Please use the comments to demonstrate your own ignorance, unfamiliarity with empirical data and lack of respect for scientific knowledge. Be sure to create straw men and argue against things I have neither said nor implied. If you could repeat previously discredited memes or steer the conversation into irrelevant, off topic discussions, it would be appreciated. Lastly, kindly forgo all civility in your discourse . . . you are, after all, anonymous.

28 Responses to “Is Gold Overdue for a Bounce?”

  1. [...] Ritholtz on counter-trend rallies and the prospects for a gold bounce here.  (TBP) [...]

  2. PeterR says:

    YMMV = Your mileage may vary — indeed.

    One wonders how the 2011 action at the top has played into Didier Sornette’s thinking of late? Is GOLD one of the “seismometers” he monitors for exponential market fluctuations? Since he stopped making his predictions public, when might we expect the next report?

    http://www.ritholtz.com/blog/2013/06/how-we-can-predict-the-next-financial-crisis/

    The Crash Risk Index (CRI) in the first chart below peaked in about March 2011, slightly before the peak in GOLD above. Is GOLD part of the CRI?

    http://blog.ted.com/2013/06/17/turbulent-times-ahead-qa-with-economist-didier-sornette/

    Have scientific alchemists created a new gold substitute, which has affected the price of GOLD?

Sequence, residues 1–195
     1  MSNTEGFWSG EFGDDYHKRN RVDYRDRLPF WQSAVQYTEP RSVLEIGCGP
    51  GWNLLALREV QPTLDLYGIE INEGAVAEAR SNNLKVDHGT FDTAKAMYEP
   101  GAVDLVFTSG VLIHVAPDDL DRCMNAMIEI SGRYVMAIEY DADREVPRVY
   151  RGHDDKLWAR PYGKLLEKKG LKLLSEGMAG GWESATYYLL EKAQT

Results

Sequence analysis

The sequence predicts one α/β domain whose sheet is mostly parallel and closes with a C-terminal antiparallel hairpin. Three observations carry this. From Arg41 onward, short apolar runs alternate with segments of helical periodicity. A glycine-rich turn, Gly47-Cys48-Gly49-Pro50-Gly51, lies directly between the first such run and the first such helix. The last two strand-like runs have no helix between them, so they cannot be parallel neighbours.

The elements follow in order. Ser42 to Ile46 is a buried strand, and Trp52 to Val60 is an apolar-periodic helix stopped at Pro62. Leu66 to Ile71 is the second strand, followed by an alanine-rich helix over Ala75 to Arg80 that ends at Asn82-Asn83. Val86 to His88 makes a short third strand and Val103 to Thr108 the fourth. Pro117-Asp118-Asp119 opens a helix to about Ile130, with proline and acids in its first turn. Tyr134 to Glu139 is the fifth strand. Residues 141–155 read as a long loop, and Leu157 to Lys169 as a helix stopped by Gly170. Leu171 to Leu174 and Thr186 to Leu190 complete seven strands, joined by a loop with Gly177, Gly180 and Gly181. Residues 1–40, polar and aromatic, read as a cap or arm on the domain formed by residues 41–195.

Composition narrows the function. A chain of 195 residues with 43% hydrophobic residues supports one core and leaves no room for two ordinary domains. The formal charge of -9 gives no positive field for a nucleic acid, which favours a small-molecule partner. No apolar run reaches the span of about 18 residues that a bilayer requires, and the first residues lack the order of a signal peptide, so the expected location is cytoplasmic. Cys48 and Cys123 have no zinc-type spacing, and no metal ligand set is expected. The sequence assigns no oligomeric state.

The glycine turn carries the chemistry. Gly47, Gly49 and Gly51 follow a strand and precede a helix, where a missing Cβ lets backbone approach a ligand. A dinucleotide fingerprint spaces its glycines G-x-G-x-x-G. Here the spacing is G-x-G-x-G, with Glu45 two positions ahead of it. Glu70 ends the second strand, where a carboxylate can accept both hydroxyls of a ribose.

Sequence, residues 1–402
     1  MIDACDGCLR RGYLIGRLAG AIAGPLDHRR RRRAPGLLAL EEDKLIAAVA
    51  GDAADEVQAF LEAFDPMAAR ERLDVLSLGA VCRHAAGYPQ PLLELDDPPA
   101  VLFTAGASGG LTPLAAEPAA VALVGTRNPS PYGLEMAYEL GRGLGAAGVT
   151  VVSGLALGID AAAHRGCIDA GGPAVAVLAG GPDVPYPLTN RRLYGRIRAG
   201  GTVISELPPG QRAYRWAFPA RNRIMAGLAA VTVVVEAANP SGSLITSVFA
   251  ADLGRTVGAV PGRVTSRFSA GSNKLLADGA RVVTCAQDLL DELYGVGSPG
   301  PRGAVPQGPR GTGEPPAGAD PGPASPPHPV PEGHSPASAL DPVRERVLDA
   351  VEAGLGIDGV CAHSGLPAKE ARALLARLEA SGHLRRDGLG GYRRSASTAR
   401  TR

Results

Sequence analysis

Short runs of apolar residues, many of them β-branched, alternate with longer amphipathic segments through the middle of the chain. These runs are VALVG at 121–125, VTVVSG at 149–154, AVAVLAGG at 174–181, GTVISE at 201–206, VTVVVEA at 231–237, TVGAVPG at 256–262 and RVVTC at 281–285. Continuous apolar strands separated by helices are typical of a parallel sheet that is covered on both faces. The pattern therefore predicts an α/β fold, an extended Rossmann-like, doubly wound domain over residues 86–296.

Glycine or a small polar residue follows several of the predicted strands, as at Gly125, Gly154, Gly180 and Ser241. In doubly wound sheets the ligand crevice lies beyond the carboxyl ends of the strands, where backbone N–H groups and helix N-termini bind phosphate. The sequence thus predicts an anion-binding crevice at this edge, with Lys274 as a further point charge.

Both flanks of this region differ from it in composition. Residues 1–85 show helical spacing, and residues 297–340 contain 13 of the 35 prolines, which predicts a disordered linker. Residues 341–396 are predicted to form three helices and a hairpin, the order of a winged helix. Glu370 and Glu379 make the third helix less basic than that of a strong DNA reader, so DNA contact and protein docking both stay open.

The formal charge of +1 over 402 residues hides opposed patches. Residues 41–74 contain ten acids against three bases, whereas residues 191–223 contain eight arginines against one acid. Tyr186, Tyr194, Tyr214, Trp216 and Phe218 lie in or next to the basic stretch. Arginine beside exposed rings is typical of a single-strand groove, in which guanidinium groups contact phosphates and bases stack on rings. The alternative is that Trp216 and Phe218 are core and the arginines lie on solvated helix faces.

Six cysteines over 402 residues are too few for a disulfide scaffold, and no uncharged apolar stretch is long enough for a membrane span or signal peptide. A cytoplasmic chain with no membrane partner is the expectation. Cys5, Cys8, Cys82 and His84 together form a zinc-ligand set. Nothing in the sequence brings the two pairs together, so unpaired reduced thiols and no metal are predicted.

https://www.ethlife.ethz.ch/archive_articles/130618_goldfolie_per/index_EN

    See generally:

    http://www.er.ethz.ch/

  3. wally says:

    Back in the late 70′s, early 80′s it went down 50% before it bounced.

    • Thats why I posed this as a question, rather than Declaring “Goldwill bounce HERE and go THIS HIGH efore REVERSING HERE and fallingto HERE” cuase I dont know!

  4. Joe Taxpayer explains the dangers of bad gold buying:

    The gold bugs are an interesting breed. They use misleading rhetoric such as “a storehouse of value” and other argumentum ad passiones to convince you to buy. Those who caught any good part of the recent run-up from ’05 to ’12 sure are happy, but only if they sold. Buying gold at the wrong time can leave you with a bad investment for the rest of your life. Gold’s record high was in January 1980, at $875. Inflation alone would put the price at $2400 today. What storehouse of wealth? We are exactly at half that price. If you buy gold in the form of small bars or coins, you pay a dealer premium, and the buy/sell spread can be 5% or more. For those who wish to buy gold, I’ve mentioned GLD, the gold ETF. It started out as trading as .1oz of gold per share, but as with any ETF, there’s an annual expense, .40%, so the 10 GLD shares that represented a full ounce in 2005, now, eight years later, is closer to .97 ounces. The prospectus for GLD states this clearly.

    http://www.joetaxpayer.com/golden-troubles/

  5. maxplastic says: